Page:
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Checking for a valid address

Paul Hudson    @twostraws   

The second step in our project will be to let the user enter their address into a form, but as part of that we’re going to add some validation – we only want to proceed to the third step if their address looks good.

We can accomplish this by adding a Form view to the AddressView struct we made previously, which will contain four text fields: name, street address, city, and zip. We can then add a NavigationLink to move to the next screen, which is where the user will see their final price and can check out.

To make this easier to follow, we’re going to start by adding a new view called CheckoutView, which is where this address view will push to once the user is ready. This just avoids us having to put a placeholder in now then remember to come back later.

So, create a new SwiftUI view called CheckoutView and give it the same Order property and preview that AddressView has:

struct CheckoutView: View {
    var order: Order

    var body: some View {
        Text("Hello, World!")

#Preview {
    CheckoutView(order: Order())

Again, we’ll come back to that later, but first let’s implement AddressView. Like I said, this needs to have a form with four text fields bound to four properties from our Order object, plus a NavigationLink passing control off to our check out view.

First, we need four new properties in Order to store delivery details:

var name = ""
var streetAddress = ""
var city = ""
var zip = ""

Now replace the existing body of AddressView with this:

Form {
    Section {
        TextField("Name", text: $
        TextField("Street Address", text: $order.streetAddress)
        TextField("City", text: $
        TextField("Zip", text: $

    Section {
        NavigationLink("Check out") {
            CheckoutView(order: order)
.navigationTitle("Delivery details")

As you can see, that passes our order object on one level deeper, to CheckoutView, which means we now have three views pointing to the same data.

That code will throw up lots of errors, but it takes just one small change to fix them – change the order property to this:

@Bindable var order: Order

Previously you've seen how Xcode lets us bind to local @State properties just fine, even when those properties are classes using the @Observable macros. That works because the @State property wrapper automatically creates two-way bindings for us, which we access through the $ syntax – $name, $age, etc.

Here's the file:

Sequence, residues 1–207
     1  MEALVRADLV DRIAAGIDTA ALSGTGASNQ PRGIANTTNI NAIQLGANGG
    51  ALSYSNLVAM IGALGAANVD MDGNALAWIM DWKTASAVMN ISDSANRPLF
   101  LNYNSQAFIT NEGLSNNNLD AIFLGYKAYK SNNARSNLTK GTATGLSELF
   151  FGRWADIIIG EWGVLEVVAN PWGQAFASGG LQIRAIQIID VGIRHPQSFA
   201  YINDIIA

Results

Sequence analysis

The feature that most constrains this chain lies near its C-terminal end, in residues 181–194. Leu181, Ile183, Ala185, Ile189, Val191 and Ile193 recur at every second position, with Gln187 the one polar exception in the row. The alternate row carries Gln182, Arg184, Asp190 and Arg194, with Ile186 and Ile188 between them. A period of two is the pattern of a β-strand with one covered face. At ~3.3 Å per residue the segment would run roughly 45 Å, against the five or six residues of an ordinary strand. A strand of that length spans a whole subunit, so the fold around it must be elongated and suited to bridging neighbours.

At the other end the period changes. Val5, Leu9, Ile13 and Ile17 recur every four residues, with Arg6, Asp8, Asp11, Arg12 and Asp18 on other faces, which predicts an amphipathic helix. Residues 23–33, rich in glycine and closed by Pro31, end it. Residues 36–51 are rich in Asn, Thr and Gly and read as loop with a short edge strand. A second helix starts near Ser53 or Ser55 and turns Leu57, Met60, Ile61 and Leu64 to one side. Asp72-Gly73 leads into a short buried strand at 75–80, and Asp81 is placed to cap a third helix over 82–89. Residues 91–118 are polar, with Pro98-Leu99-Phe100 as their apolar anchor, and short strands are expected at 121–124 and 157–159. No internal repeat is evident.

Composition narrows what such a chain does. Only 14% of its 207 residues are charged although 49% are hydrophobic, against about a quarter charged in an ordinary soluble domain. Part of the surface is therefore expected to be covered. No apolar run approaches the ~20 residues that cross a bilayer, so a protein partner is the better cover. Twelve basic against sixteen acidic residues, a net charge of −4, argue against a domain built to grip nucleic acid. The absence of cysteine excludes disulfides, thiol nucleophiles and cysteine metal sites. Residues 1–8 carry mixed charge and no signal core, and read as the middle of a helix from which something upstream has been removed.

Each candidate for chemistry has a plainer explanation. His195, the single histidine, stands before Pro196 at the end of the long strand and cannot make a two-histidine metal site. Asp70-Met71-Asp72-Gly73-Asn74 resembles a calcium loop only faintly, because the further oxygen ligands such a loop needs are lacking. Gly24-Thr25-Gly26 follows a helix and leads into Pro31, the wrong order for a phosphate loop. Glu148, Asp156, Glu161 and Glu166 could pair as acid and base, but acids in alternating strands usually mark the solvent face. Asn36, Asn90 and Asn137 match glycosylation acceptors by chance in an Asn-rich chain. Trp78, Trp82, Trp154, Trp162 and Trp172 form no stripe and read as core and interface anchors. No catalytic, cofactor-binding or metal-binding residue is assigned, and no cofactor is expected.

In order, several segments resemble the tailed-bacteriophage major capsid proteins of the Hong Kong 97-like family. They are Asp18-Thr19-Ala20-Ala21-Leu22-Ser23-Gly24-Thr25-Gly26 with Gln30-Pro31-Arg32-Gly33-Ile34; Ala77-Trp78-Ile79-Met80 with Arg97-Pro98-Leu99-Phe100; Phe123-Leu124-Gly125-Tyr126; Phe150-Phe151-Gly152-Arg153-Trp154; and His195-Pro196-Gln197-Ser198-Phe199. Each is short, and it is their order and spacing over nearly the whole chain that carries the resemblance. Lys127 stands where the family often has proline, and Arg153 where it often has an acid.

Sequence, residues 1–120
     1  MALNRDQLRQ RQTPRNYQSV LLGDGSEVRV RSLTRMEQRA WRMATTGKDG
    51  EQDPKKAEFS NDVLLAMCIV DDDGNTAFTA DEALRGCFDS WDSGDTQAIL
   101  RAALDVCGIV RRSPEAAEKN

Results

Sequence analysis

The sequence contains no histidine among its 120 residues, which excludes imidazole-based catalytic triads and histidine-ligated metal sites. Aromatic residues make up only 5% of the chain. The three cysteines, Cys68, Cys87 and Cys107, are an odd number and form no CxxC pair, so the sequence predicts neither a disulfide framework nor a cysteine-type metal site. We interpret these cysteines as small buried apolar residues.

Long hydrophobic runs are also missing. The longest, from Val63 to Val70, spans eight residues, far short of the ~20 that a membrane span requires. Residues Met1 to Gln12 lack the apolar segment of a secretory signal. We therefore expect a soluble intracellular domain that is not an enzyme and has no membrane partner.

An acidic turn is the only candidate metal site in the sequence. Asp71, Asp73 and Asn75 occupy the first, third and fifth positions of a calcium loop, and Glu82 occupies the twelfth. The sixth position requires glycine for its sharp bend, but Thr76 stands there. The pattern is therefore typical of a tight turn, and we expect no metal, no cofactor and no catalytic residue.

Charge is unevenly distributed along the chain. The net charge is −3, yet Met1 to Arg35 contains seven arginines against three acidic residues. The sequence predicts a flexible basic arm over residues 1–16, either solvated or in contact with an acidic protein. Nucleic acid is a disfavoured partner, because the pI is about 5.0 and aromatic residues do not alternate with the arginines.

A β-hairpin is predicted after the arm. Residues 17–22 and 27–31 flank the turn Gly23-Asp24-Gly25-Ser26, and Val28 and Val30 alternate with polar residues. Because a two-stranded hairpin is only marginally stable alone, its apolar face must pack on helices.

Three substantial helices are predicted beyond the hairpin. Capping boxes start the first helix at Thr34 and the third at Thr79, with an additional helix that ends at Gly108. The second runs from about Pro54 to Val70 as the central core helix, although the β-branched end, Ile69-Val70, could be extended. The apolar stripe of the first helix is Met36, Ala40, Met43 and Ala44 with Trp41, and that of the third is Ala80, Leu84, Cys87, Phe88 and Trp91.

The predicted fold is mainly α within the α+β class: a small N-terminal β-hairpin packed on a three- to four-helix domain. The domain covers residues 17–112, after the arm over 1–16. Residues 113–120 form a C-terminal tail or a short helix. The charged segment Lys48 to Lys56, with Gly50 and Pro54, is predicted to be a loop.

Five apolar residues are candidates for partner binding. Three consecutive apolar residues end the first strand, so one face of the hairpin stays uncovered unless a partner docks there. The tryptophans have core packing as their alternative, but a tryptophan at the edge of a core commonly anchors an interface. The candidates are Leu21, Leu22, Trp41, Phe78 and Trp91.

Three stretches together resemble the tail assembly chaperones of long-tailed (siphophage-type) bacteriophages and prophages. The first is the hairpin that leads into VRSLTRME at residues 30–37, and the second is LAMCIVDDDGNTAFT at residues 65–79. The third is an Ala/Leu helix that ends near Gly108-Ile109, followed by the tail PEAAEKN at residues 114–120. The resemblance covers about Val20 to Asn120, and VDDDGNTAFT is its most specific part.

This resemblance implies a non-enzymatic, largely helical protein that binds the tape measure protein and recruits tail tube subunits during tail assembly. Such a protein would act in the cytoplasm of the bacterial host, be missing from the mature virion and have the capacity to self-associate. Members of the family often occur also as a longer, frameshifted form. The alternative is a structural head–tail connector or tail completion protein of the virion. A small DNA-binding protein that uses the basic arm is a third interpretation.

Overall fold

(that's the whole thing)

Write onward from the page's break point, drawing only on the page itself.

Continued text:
We haven't use @State in AddressView because we aren't creating the class here, we're just receiving it from elsewhere. This means SwiftUI doesn't have access to the same two-way bindings we'd normally use, which is a problem.

Now, we know this class uses the @Observable macro, which means SwiftUI is able to watch this data for changes. So, what the @Bindable property wrapper does is create the missing bindings for us – it produces two-way bindings that are able to work with the @Observable macro, without having to use @State to create local data. It's perfect here, and you'll use it a lot in your future projects.

Go ahead and run the app again, because I want you to see why all this matters. Enter some data on the first screen, enter some data on the second screen, then try navigating back to the beginning then forward to the end – that is, go back to the first screen, then click the bottom button twice to get to the checkout view again.

What you should see is that all the data you entered stays saved no matter what screen you’re on. Yes, this is the natural side effect of using a class for our data, but it’s an instant feature in our app without having to do any work – if we had used local state, then any address details we had entered would disappear if we moved back to the original view.

Now that AddressView works, it’s time to stop the user progressing to the checkout unless some condition is satisfied. What condition? Well, that’s down to us to decide. Although we could write length checks for each of our four text fields, this often trips people up – some names are only four or five letters, so if you try to add length validation you might accidentally exclude people.

So, instead we’re just going to check that the name, streetAddress, city, and zip properties of our order aren’t empty. I prefer adding this kind of complex check inside my data, which means you need to add a new computed property to Order like this one:

var hasValidAddress: Bool {
    if name.isEmpty || streetAddress.isEmpty || city.isEmpty || zip.isEmpty {
        return false

    return true

We can now use that condition in conjunction with SwiftUI’s disabled() modifier – attach that to any view along with a condition to check, and the view will stop responding to user interaction if the condition is true.

In our case, the condition we want to check is the computed property we just wrote, hasValidAddress. If that is false, then the form section containing our NavigationLink ought to be disabled, because we need users to fill in their delivery details first.

So, add this modifier to the end of the second section in AddressView:

.disabled(order.hasValidAddress == false)

The code should look like this:

Section {
    NavigationLink("Check out") {
        CheckoutView(order: order)
.disabled(order.hasValidAddress == false)

Now if you run the app you’ll see that all four address fields must contain at least one character in order to continue. Even better, SwiftUI automatically grays out the button when the condition isn’t true, giving the user really clear feedback when it is and isn’t interactive.

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